Disclosure Statement

No potential conflict of interest was reported by the authors.


The author would like to thank the Research Deputy of Hamadan University of Medical Sciences for supporting the research (Grant No. 9804112679).


Yaghoub Ahmadyousefi


How to cite this manuscript: Yaghoub Ahmadyousefi*. A brief overview of plant-derived chemotherapeutic agents for cancer therapy. Asian Journal of Green Chemistry, 7(3) 2023, 175-179. DOI: 10.22034/ajgc.2023.388922.1375

[1]. Jamshidi-Kia F., Lorigooini Z., Amini-Khoei H.  J Herbmed Pharmacol., 2018, 7:1 [Crossref], [Google Scholar], [Publisher]
[2]. Tapsoba H., Deschamps J.P. Journal of Ethnopharmacology, 2006, 104:68 [Crossref], [Google Scholar], [Publisher]
[3]. Jain S., Dwivedi J., Kumar Jain P., Satpathy S., Patra A. Pharmacognosy Journal, 2016, 8:87 [Crossref], [Google Scholar], [Publisher]
[4]. Modak M., Dixit P., Londhe J., Ghaskadbi S., Devasagayam T.P. J Clin Biochem Nutr., 2007, 40:163 [Crossref], [Google Scholar]
[5]. Adhikari B., Marasini B.P., Rayamajhee B., Raj Bhattarai B., Lamichhane G., Khadayat K., Adhikari A., Khanal S., Parajuli N. Phytotherapy Reseach, 2021, 35:1298 [Crossref], [Google Scholar], [Publisher]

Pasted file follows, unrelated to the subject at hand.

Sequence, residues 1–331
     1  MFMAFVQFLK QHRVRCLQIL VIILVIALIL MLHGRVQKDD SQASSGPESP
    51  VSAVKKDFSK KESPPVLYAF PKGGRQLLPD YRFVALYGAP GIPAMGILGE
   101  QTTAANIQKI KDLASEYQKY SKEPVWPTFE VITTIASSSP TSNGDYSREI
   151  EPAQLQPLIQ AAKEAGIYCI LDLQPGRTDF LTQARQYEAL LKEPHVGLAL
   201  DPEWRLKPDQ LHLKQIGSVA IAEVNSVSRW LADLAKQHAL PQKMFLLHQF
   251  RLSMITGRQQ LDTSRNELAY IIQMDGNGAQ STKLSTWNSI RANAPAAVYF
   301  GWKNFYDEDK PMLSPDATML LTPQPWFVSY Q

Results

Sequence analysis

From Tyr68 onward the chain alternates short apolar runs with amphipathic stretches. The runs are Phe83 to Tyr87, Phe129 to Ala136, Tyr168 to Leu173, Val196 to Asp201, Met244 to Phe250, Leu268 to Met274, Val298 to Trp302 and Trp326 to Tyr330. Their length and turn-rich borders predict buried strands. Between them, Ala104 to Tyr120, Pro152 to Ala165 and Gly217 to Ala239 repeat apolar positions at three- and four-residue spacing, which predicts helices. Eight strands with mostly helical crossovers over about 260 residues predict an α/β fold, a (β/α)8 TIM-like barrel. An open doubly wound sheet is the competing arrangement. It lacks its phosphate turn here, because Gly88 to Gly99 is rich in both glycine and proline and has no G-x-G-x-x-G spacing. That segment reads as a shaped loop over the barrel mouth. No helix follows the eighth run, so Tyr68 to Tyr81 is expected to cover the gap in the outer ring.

[6]. Stratev D., Zhelyazkov G., Noundou X.S., Krause R.W.M. Aquacult Int., 2018, 26:289  [Crossref], [Google Scholar], [Publisher]
[7]. Maldonado Miranda J.J. Phytomedicine, 2021, 207 [Crossref], [Publisher]
[8]. Manuel Neves J., Matos C., Moutinho C., Queiroz G., Rebelo Gomes L. Journal of Ethnopharmacology, 2009, 124:270 [Crossref], [Google Scholar], [Publisher]
[9]. Walsh V., Goodman J. Medical anthropology, 2002, 21:307 [Crossref], [Google Scholar], [Publisher]
[10]. Renneberg R. Biotechnology Journal: Healthcare Nutrition Technology, 2007, 2:1207 [Crossref], [Google Scholar], [Publisher]
[11]. Sharifi-Rad J., Quispe C., Patra J. K., Singh Y. D., Panda M. K. Das G., Adetunji CO., Michael OS., Sytar O., Polito L., Živković J. Oxidative Medicine and Cellular Longevity, 2021, 8:125 [Crossref], [Google Scholar], [Publisher]
[12]. Courdavault V., O’Connor S. E., Oudin A., Besseau S., Papon N. Trends in Cancer, 2020, 6:444 [Crossref], [Google Scholar], [Publisher]
[13]. Behera A., Padhi S. Environmental Chemistry Letters, 2020 18:1557 [Crossref], [Google Scholar], [Publisher]
[14]. Bailly C. Pharmacological research, 2019, 148:104398 [Crossref], [Google Scholar], [Publisher]
[15]. Liu B., Ding C., Tang W., Zhang C., Gu Y. et al. Cells, 2022, 11:3791 [Crossref], [Google Scholar], [Publisher]
[16]. Zhang J., Hansen L. G., Gudich O., Viehrig K., Lassen L. M. Schrübbers L., Adhikari K. B., Rubaszka P., Carrasquer-Alvarez E., Chen L., D’ambrosio V. Nature, 2022, 609:341 [Crossref], [Google Scholar], [Publisher]
[17]. Giordano A., Tommonaro G. Nutrients, 2019, 11:2376 [Crossref], [Google Scholar], [Publisher]
[18]. Tomar R., Sahni A., Chandra I., Tomar V., Chandra R Mini-Reviews in Organic Chemistry, 2018 15:345 [Crossref], [Google Scholar], [Publisher]
[19]. Seltzer E. S., Watters A. K., MacKenzie Jr D., Granat L. M., Zhang D. Cancers, 2020 12:3203 [Crossref], [Google Scholar], [Publisher]